Listening to a Legend

by Sarah Luna

See my introduction to this series here.

I found my roommate excitedly cleaning when I got home. Our week from hell was done. We immediately cranked up our favorite Billy Joel songs while we hashed out our stressful days. For the first time in weeks, we each got prettied up. It was refreshing to do something as humanizing as going to a show.

We found our seats in the second row of the mezzanine wing and gazed expectantly at the two pianos on the stage. The lights dimmed and the crowd hushed as two sharply-dressed Cornellians read the impressive bio of our guest. And then…Billy Joel.

He walked on stage in jeans, a baseball cap, and a Cornell sweatshirt. He spoke plainly to us as if we were in someone’s living room rather than the formal setting of Bailey Hall.  He introduced the night as “not a concert, but a time to ask me anything you want to know”.

Hands shot up. Billy pointed to a student.

How did you support yourself when you were first starting out? 

He told about working on an oyster boat, in an ink factory, and whatever odd jobs he could find. Oddly, he had only ever worked in a piano bar for 6 months.  Of course, once he mentioned piano bar, the audience clamored for a song.

“Alright, I’ll play ‘Piano Man’! Let’s get this song out of the way.” He walked over to the piano, and I could feel the audience holding its breath. Chills ran up my spine the instant he touched the piano.

AND THE PIANO IT SOUNDS LIKE A CARNIVAL  There was so much going on at that piano; his own lyrics describe it best. I could only sit and stare with my jaw dropped.

Like most live concerts, he let the audience take over the last verse, and of course we enthusiastically obliged.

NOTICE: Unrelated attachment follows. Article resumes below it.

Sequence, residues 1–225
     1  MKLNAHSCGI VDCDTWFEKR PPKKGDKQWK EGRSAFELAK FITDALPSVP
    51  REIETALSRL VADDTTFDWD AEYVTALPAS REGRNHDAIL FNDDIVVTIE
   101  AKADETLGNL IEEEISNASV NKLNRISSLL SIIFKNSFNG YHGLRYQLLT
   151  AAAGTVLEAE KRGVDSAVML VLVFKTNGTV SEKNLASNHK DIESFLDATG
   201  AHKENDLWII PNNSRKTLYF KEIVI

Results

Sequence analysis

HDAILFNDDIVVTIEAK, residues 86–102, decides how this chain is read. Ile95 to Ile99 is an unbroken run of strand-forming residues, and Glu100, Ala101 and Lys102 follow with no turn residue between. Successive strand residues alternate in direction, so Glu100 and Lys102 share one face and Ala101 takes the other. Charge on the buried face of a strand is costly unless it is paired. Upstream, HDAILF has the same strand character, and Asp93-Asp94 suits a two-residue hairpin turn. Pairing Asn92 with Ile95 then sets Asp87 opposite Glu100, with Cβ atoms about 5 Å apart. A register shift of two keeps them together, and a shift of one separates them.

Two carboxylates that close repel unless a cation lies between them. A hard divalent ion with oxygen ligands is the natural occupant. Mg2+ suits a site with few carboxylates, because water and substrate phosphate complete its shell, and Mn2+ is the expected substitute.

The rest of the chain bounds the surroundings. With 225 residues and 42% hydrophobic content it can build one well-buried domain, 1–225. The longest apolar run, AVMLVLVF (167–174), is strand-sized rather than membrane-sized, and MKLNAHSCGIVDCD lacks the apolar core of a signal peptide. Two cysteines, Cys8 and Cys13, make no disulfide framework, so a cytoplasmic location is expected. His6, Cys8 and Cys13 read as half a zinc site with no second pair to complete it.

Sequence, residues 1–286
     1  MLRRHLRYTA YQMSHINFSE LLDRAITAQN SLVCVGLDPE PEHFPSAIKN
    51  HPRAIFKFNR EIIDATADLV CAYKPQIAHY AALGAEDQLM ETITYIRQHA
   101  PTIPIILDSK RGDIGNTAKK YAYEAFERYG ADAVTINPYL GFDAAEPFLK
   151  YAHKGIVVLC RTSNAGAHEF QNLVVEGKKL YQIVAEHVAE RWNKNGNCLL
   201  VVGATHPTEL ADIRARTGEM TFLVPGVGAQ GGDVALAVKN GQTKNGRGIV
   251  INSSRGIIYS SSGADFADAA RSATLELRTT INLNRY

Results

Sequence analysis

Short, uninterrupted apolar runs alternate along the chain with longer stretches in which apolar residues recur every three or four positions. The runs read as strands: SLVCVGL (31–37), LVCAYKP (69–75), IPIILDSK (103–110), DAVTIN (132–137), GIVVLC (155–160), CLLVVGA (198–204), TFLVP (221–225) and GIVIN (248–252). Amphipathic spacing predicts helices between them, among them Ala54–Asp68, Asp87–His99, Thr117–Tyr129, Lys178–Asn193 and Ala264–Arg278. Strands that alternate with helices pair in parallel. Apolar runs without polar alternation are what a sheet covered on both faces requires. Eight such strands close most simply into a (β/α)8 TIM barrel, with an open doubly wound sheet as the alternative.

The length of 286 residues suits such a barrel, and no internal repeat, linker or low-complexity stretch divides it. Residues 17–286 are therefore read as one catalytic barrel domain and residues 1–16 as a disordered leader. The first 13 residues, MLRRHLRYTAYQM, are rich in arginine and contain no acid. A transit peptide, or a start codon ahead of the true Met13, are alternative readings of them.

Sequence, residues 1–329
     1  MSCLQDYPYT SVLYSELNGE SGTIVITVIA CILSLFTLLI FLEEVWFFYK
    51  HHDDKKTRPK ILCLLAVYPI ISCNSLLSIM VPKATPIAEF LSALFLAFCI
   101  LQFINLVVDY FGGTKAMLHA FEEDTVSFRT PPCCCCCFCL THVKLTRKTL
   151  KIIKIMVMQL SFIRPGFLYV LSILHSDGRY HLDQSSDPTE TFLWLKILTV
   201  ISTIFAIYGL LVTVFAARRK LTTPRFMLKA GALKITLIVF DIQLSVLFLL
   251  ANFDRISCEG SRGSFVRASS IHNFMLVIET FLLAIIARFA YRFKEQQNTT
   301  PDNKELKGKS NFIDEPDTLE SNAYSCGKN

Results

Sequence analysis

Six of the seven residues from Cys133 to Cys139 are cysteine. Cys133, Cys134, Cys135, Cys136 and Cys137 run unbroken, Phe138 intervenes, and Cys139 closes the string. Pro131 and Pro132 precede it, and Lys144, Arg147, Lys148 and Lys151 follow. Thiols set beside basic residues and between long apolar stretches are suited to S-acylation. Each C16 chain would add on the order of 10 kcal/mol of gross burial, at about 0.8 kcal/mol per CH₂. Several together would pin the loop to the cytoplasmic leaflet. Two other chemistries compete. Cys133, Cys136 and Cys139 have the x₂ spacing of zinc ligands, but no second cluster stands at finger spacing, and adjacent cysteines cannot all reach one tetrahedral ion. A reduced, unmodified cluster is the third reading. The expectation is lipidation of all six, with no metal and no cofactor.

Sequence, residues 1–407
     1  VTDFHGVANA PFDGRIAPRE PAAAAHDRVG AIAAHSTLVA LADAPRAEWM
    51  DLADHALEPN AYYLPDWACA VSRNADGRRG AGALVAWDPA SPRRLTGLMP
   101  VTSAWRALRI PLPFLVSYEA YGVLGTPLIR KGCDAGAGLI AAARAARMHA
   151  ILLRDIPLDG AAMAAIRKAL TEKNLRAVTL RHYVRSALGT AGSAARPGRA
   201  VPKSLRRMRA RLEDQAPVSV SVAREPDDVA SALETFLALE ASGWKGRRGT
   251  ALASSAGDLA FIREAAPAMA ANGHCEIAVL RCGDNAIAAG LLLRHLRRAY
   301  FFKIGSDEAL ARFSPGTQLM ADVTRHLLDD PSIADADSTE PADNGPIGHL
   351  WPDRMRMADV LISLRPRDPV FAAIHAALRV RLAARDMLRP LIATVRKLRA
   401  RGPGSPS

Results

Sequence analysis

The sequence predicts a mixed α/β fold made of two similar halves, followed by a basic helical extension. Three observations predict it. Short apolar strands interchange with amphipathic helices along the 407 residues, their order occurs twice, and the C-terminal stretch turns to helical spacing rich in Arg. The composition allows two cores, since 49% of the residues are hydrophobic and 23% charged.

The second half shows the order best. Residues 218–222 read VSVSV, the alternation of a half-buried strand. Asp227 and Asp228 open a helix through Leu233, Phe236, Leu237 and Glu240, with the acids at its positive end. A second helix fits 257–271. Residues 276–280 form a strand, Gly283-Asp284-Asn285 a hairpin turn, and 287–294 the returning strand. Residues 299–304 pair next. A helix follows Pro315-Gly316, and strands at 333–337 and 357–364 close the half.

The next question was something along the lines of: “How do you write music?”  He looked at us and said: “I don’t try to write hits. Look at you, you’re all so different. How should I know what any of you like? I write the music that I want to hear. Or that my friends want to hear. If someone would have said to me that ‘Piano Man’ would be a hit, I would have laughed at them. It’s in 6/8 time and about 8 miles long and about a guy who plays the piano. And ‘Uptown Girl’ [screaming and applause]…that song was a joke. It was homage to Frankie Valli. I would never have thought that these songs would become hits. I write what I like.”

The next person wanted to know about “River of Dreams” and “Lullaby (Goodnight, my angel)”. Originally, the two were combined. He woke up one morning with the melody of “River of Dreams’ in his head, and it wouldn’t leave him alone. It had a gospel feel, and he didn’t feel serious writing a gospel song. He left it alone thinking he could just ignore, but when it started pestering him in the shower, he knew that he had to write it. The song is filled with Biblical allusions; I mean, I think of it as Psalm 23 from the sheep’s perspective…but that could just be me.

The melody of “Lullaby” had a more hymn-like feel, and as he developed the melody, he decided that it could stand alone as its own song. Like a hymn, it’s also known by the first line (“Goodnight, my angel”). The lyrics were inspired by trying to explain death and dying to his young daughter. I think it’s one of the sweetest expressions of fatherly love I’ve ever heard.

The next question that stood out to me was: “What do you like to play?” Sometimes I forget that singing and playing are his job, and that there are probably times that he gets tired. It was apparent at the beginning of the night that “Piano Man”–although brilliantly executed–was something he sang for us and not because he enjoyed it. (How many times do you think he’s played that song?) I sat up straighter to listen.

He smiled and started telling us a story about a time he had to write a song to sing with Ray Charles. He was so nervous: “What do I have in common with Ray Charles? What could he possibly want to sing with me?” He looked down at the piano and thought that’s it! I’ll write about the piano. He recorded it and sent a copy to Ray Charles. He waited on edge until he received a phone call: “Hey! Is this Billy?” “Um, yes, Mr. Charles.” “Billy! Great song you have!”

And with that, he walked to the baby grand.